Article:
Which medications in the drug class Chelators are used in the treatment of Wilson Disease?

Updated: Feb 14, 2019
  • Author: Richard K Gilroy, MBBS, FRACP; Chief Editor: Praveen K Roy, MD, AGAF  more...
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Chelating agents bind excess copper. Ammonium tetrathiomolybdate is an investigational chelating drug used at the University of Michigan as an initial treatment for patients who present with neurologic or psychiatric manifestations. This drug works as a chelating agent and as an inhibitor of copper absorption from the GI tract. [24]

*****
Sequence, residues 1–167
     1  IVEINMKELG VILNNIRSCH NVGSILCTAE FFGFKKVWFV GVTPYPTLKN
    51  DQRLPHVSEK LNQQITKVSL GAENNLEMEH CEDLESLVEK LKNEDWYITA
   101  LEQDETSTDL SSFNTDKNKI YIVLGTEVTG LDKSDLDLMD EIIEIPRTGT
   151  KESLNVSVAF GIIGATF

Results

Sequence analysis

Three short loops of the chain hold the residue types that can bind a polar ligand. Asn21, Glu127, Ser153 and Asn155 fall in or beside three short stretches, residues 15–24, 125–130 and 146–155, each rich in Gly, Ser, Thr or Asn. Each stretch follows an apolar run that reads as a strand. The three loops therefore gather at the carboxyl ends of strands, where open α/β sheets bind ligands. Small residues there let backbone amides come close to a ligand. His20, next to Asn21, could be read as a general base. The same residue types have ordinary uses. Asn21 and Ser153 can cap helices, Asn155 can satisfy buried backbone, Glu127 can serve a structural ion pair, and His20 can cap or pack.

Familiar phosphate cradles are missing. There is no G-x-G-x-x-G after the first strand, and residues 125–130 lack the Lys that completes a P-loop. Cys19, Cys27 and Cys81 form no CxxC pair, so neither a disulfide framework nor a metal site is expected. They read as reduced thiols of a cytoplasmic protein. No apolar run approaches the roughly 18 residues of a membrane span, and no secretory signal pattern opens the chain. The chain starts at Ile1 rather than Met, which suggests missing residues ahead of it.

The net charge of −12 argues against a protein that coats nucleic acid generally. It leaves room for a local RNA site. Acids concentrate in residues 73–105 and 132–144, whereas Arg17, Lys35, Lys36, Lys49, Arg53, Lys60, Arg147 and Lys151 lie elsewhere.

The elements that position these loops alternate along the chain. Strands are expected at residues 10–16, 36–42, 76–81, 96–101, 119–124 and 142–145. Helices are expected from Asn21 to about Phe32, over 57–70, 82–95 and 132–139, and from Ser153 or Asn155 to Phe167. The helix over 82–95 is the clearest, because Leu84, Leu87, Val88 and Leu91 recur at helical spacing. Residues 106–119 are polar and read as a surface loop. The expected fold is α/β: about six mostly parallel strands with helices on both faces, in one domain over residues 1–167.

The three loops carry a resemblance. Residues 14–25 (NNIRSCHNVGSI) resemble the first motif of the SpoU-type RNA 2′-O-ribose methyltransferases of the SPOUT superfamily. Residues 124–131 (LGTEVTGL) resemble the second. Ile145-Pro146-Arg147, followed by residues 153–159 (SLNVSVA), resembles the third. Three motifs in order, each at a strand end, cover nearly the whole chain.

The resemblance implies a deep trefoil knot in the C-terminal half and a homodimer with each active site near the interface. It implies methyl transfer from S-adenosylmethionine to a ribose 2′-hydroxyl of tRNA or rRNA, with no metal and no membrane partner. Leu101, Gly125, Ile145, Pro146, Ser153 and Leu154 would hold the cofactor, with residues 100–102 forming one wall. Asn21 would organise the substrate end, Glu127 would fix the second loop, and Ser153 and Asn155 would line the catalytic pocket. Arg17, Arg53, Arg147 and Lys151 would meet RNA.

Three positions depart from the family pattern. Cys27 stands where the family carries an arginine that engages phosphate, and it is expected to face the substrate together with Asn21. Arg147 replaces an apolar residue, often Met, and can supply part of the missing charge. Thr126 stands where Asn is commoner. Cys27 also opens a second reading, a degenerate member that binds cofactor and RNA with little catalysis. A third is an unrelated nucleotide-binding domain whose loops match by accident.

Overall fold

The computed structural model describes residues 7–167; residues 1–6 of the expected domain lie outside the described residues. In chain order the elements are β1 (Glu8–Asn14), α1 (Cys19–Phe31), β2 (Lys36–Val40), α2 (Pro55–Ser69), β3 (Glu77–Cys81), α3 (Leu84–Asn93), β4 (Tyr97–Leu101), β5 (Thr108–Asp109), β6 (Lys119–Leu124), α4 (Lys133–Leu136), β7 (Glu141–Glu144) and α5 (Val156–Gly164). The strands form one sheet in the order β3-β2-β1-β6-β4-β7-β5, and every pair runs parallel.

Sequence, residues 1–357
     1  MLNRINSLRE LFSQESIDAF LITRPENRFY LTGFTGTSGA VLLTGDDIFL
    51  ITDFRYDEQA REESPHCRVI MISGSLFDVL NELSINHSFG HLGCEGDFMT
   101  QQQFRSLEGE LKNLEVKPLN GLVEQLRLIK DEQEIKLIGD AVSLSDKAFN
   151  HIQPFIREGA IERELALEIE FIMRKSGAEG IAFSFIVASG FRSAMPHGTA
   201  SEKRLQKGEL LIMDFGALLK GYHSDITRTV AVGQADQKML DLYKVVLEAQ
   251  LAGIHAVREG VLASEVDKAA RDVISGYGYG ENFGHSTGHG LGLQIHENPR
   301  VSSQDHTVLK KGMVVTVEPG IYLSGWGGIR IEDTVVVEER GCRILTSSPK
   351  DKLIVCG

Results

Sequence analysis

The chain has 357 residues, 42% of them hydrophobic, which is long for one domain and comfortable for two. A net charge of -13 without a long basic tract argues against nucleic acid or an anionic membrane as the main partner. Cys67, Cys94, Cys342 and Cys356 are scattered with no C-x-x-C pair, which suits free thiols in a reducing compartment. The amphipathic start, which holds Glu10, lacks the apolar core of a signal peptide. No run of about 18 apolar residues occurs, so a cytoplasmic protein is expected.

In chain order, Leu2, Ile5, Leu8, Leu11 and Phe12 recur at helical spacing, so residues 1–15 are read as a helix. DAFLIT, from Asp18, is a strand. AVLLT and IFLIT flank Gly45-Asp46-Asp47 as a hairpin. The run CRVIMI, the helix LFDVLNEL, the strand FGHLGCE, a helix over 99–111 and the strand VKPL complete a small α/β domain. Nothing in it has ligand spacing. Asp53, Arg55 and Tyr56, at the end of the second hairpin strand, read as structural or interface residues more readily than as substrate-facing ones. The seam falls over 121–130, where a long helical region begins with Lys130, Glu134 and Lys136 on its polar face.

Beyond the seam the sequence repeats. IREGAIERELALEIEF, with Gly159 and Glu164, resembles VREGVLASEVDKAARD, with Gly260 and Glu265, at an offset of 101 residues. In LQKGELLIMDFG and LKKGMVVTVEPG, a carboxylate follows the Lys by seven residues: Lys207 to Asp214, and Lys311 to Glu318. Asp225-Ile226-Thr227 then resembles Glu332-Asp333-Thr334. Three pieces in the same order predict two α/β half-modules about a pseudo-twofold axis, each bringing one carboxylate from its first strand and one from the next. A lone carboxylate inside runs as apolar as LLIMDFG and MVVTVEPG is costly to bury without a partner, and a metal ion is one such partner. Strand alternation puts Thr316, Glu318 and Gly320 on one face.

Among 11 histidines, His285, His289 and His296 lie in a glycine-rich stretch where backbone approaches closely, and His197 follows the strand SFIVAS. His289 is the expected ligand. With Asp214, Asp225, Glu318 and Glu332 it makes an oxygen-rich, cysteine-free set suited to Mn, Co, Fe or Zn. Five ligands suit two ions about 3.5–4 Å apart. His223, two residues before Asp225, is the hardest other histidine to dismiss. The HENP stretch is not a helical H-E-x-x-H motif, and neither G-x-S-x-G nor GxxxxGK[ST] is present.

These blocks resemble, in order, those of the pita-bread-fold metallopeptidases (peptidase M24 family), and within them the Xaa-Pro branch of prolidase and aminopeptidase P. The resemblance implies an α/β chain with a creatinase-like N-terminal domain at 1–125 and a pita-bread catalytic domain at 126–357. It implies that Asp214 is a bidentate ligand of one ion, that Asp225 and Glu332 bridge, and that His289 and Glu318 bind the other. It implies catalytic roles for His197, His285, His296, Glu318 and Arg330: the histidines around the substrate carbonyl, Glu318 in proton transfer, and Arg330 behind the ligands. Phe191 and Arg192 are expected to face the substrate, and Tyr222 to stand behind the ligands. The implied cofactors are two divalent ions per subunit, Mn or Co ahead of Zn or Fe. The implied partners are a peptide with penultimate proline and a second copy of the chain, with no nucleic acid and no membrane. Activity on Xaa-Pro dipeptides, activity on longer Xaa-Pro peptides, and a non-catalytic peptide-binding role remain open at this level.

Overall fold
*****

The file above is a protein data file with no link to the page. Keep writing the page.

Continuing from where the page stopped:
Penicillamine (Cuprimine, Depen)

Penicillamine forms soluble complexes with metals excreted in urine. It was the drug of choice before newer regimens were available. Because of extensive toxicities, alternative agents are used. It must be administered with pyridoxine 25 mg by mouth daily.

Trientine (Syprine)

Trientine is an effective oral chelator used to induce cupruresis. It is useful for patients who cannot tolerate penicillamine. It is indicated in Wilson disease if the initial presentation is hepatic. It should be administered with zinc.

Dimercaprol (BAL in Oil)

Dimercaprol is for refractory cases of Wilson disease that are not responding to first- or second-line chelation treatment.

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